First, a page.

A. Well, ah! How did I become the number one journalist after first year of writing? Well, ah, that's interesting. I hope it will give you an insight of what kind of newsmen we have. I was covering Congress, ok. I was a reporter for the Free Press. One evening, they were distributing the report of the Reparations Commission. The Reparations Commission was the commission in Japan that was authorized to get money from Japan and give it to the Filipinos in reparation of the damage that the Japanese did. Meaning, either in cash or in kind, there was supposed to be $400M ha, $400M that Japan was supposed to grant. But as usual, a reparations commissioner got into some racket, but had to render a reparations report to the country-- he had to report what he did in the Reparations Commission and what he got for the Philippines, etcetera, etcetera. You know, I have an analytical mind. I was analyzing. Number one, many of the awardees were not the soldiers, or veterans, nor the orphans. There were big businessmen eh, some racketeers, and they were getting the reparations goods, ships, machines, etc., and a lot of money went down the drain. And they were also buying unnecessary things like trainee planes. We had the military bases to get trainee planes from but they liked the kickbacks from reparations planes. So, one evening, they distributed this Reparations Report in Congress, and the Congress Press Club didn't want to give me a copy because at that time I was considered a provincial newsman lang ka eh.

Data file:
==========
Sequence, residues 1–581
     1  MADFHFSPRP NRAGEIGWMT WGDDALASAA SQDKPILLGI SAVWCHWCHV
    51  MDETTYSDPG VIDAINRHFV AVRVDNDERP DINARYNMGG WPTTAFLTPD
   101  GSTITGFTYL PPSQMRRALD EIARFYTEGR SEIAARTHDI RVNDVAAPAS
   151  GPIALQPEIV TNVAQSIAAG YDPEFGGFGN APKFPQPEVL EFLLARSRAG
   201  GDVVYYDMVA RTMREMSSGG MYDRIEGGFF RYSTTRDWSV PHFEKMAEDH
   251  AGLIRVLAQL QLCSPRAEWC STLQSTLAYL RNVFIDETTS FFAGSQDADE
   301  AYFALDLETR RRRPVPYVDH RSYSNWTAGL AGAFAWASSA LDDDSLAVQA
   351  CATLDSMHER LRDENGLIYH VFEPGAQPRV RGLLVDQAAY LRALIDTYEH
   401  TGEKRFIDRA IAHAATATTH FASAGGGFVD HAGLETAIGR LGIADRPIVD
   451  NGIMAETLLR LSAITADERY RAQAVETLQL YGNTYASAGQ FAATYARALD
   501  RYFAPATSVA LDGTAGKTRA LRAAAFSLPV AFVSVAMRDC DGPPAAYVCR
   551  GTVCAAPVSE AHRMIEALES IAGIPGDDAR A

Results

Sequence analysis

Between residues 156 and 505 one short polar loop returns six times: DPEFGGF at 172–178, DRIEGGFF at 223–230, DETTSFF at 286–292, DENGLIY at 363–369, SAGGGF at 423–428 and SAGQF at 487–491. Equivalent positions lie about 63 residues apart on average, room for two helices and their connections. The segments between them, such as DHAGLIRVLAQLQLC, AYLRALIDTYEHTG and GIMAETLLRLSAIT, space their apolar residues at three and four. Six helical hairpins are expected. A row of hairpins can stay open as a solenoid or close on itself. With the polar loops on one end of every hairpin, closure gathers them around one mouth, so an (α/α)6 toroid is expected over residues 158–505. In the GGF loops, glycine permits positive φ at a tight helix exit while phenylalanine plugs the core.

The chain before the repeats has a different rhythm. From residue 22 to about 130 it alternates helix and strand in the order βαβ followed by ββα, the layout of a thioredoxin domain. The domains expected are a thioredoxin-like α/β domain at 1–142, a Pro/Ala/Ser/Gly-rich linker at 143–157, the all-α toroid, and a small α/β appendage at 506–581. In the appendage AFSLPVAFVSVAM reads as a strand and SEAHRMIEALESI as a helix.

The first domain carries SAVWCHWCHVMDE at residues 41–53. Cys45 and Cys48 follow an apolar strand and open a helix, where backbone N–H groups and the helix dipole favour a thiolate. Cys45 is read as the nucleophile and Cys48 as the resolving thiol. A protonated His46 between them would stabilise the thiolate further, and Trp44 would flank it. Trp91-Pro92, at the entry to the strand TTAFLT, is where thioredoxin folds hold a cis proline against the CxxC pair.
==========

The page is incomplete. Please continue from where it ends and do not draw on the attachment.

Q. So, you were just writing for the provincial syndicate?
A. For the syndicated column, oo. Sabi ko, nevermind, bigyan mo na lang ako ng isa. So, I was able to get one. I could not get in the newsmen gallery. Probinsyano ako eh. I was writing for the Free Press pero beginning pa lang so I got the copy. Itong mga fellow newmen ko, they got a copy and then they went to the night club and threw away the book. Ako naman, I got the book and because I'm a lawyer, I bothered to read it. Then I found all the anomalies there. There, I found out that we were getting as reparations the wrong things through their favorite businessmen. The Japanese Reparations became a big racket so I wrote about it. I ran a series of articles but it was based on the official report of the Reparations Commisssion, a copy which was furnished to everybody, ok? So, I won and found out later that my fellow newsmen got scolded by their publishers and editors. "Bakit si Rama? He's a new guy. Everyone of you was given the reparation report. Why is it that you didn't bother to read it?"

Q. So, you were the only one who bothered to write about it.
A. I read it and studied it.

Q. That won you the award.
A. I won the "Journalist of the Year Award"!

Q. After one year!
A. Yes! Some people, some of them newsmen, they've been newsmen for 30 years and have never won the award. Sabi ko, "Because you were not dedicated to your job." Those are the things. And many other thing is that, it's very dangerous to be writing. These are called the "muck-raking" stories, noh, "racket-busting" stories. That was my expertise. Pero I never got threatened, I never got sued. Very simple. I try to be as fair as possible. I did not write out of spite or because I was hired by the other party or I didn't like that guy. I wrote it because I felt it was my duty to protect national interest and to protect what is good and what is right. Many of my friends got sued for malice but no one ever sued me for libel and I'm proud of that.